- Design patents, which protect the form or ornamental design of a product. These have a lifetime of 14 years from the issue date before the patent expires.
- Provisional patents, which are not actually patents — they’re just placeholder applications for utility patents, letting other people know to back off. These can be held for one year from the filing the date before the utility patent application must be filed.
Although you wouldn’t know it from the media coverage, the information contained within the patents is a far cry from source code (or a recipe book, or blueprints). Because patents are publicly published upon issuance, extraneous details are rarely included where they do not directly relate to the unique features of the invention. Additionally, patent filings are intentionally written very broadly so as to provide the patent holder with as much legal protection for their design as possible. Without CAD files, schematics, a bill of materials, and other crucial engineering documents, patents are not enough to implement designs.
So while Tesla may no longer be filing aggressive lawsuits for patent infringement, “open source” isn’t the greatest analogy because a) the inventions were already public, and b) the write-ups do not contain the necessary information to replicate the design. This doesn’t mean that Tesla is a bad company; more likely, it just means that Musk has a good understanding of what will generate buzz in the media. “Copyleft,” a more accurate term, just doesn’t have the same ring.
While many are calling Musk’s move unprecedented, the auto industry does in fact have fairly recent experience with patents being opened up for industry-wide use. In the 1960s, Volvo shared the patent for the three-point safety belt, a move which is estimated to have saved over a million lives since then. And in the 1970s, General Motors shared its invention of the catalytic convertor, which scrubs smog-forming pollutants out of exhaust. Auto companies also work cooperatively all the time, making business deals to license patents and work on individual shared projects together. But rarely (never?) do companies issue the wide open invitations of the sort that Tesla just did. I’m rarely (never?) interested in cars, but Tesla’s announcement just made the field a lot more interesting. So that’s something.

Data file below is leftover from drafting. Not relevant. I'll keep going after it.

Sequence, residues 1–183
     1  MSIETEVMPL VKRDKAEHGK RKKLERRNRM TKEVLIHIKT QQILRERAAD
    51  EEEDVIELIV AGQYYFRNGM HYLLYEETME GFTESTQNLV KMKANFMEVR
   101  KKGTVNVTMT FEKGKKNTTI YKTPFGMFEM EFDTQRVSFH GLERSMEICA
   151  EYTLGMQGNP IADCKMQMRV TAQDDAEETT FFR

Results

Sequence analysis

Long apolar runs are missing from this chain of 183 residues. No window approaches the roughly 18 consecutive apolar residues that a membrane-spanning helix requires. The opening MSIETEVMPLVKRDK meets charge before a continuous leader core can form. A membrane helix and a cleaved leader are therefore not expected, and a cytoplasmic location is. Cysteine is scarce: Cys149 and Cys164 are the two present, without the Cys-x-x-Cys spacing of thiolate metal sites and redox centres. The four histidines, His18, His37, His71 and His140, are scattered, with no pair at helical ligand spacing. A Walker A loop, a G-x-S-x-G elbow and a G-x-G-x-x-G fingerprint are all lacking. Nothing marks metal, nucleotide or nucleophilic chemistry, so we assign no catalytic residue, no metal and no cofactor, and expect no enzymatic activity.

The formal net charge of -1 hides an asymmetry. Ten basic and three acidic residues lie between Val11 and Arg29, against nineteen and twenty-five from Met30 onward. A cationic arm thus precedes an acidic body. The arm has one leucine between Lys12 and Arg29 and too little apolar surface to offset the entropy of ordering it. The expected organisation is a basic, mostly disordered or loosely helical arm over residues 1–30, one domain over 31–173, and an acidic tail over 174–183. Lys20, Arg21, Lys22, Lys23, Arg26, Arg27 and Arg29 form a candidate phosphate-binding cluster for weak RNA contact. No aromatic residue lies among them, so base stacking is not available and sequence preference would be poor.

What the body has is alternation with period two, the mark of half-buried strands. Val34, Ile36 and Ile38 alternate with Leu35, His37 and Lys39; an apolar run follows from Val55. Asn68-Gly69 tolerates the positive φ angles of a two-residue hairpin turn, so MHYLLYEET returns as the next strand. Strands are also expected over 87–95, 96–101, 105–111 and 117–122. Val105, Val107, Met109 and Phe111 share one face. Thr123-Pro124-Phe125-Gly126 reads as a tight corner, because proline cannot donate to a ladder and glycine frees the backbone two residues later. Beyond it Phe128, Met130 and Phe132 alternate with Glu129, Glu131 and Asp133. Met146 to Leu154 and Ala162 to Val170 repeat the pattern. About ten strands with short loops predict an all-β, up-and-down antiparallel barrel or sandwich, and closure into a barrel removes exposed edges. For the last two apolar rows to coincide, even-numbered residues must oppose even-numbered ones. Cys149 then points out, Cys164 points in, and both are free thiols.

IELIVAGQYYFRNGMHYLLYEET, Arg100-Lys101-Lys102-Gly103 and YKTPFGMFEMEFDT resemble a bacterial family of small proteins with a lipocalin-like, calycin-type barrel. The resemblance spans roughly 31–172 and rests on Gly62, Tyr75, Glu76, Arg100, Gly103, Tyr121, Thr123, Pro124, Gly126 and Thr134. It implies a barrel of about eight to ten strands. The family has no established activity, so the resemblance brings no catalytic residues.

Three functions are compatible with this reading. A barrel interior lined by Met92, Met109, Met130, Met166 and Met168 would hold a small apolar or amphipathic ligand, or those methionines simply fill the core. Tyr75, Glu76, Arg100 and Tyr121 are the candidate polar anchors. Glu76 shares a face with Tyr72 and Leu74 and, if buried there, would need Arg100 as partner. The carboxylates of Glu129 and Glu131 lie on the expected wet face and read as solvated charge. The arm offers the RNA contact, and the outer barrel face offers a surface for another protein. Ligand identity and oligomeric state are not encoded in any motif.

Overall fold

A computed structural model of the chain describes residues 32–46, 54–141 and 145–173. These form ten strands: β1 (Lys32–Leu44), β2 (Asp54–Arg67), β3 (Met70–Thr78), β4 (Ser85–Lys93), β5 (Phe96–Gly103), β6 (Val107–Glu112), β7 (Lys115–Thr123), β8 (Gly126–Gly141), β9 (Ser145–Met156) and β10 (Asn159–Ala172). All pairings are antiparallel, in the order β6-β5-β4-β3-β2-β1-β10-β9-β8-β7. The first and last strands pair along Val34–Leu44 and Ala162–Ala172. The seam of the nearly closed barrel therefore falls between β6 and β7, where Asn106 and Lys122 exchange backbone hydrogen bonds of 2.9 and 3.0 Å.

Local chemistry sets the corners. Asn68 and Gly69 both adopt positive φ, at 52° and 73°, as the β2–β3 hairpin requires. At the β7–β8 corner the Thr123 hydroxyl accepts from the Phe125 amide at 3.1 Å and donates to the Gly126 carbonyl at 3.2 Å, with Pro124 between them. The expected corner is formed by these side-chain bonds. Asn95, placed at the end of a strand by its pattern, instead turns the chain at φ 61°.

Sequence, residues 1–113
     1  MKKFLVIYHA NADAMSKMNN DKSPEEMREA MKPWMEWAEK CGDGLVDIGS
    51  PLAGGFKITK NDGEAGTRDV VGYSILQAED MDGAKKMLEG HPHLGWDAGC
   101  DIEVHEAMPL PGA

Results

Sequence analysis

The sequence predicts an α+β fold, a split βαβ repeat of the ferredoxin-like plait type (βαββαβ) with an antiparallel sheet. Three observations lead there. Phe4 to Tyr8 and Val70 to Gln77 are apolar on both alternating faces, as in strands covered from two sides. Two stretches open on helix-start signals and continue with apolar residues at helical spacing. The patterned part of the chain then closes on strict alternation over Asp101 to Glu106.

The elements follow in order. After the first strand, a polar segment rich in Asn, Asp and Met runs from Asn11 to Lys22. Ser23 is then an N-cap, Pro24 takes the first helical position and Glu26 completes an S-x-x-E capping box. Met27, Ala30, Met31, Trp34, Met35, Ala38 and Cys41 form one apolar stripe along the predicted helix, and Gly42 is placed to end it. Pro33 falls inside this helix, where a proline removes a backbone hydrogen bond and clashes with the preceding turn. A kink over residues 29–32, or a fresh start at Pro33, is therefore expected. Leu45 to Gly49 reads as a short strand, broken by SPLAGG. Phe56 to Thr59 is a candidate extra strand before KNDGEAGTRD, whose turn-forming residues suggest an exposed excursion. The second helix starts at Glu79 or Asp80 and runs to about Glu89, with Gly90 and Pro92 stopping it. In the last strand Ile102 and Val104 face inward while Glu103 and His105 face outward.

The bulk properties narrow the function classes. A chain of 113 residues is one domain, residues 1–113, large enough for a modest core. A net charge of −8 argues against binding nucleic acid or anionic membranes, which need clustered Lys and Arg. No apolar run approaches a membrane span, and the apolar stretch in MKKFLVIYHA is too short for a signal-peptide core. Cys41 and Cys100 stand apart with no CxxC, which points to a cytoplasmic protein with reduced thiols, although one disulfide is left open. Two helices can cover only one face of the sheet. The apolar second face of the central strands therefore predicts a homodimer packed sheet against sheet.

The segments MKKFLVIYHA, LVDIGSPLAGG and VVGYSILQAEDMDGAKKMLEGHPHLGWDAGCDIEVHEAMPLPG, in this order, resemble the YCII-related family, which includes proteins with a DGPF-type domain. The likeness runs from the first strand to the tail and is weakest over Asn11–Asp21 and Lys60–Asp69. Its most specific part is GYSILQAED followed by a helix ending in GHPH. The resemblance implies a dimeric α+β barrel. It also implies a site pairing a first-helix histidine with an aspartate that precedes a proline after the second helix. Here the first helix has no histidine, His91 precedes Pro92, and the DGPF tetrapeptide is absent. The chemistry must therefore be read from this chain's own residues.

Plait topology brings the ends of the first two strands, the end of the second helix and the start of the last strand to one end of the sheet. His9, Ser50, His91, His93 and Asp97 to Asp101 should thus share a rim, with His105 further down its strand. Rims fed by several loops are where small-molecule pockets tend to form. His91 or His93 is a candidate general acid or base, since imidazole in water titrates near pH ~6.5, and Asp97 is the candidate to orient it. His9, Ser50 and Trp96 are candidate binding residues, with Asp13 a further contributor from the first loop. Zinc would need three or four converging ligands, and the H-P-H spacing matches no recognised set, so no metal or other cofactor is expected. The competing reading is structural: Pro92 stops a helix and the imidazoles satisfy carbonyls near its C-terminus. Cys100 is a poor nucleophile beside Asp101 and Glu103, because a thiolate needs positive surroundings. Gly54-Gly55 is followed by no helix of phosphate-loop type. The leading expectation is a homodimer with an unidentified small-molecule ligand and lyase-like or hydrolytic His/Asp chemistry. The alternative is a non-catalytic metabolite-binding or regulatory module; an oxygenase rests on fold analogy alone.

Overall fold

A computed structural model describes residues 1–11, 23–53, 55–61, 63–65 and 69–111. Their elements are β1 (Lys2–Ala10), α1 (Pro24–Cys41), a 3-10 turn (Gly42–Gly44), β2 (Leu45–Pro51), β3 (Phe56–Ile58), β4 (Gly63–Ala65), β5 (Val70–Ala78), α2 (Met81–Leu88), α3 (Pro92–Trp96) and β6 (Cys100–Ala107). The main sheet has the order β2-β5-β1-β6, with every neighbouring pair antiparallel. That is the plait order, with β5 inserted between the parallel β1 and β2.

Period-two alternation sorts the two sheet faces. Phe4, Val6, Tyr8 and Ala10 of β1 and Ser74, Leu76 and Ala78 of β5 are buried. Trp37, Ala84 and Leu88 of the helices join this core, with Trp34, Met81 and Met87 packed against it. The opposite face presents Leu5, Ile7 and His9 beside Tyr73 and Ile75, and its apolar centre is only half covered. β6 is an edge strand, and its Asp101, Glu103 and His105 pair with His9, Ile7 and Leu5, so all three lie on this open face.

Tesla’s lithium-ion battery pack technology is years ahead of competitors, and the company estimates that their packs — the most expensive part on any electric car — cost about half as much as their rivals. With Tesla gearing up to build its first battery producing gigafactory, Musk’s announcement couldn’t have come at a better time. Much of the company’s long term success in creating awesome, affordable electric cars is now tied to getting more of their batteries out on the market; the more orders the gigafactory is able to fulfill, the better the economies of scale will be, allowing Tesla to lower the cost for consumers.
Whether the big car companies will take the bait remains to be seen.
Laura Mandanas is a Filipina American living in Brooklyn. By day, she works as an industrial engineer at a kitchen gadget company. By night, she is beautiful and terrible as the morn, treacherous as the seas, stronger than the foundations of the Earth — and a Contributing Editor at Autostraddle.com. Connect with Laura at lauramandanas.com.
You can also support us directly as a monthly supporting member by visiting Patreon.com.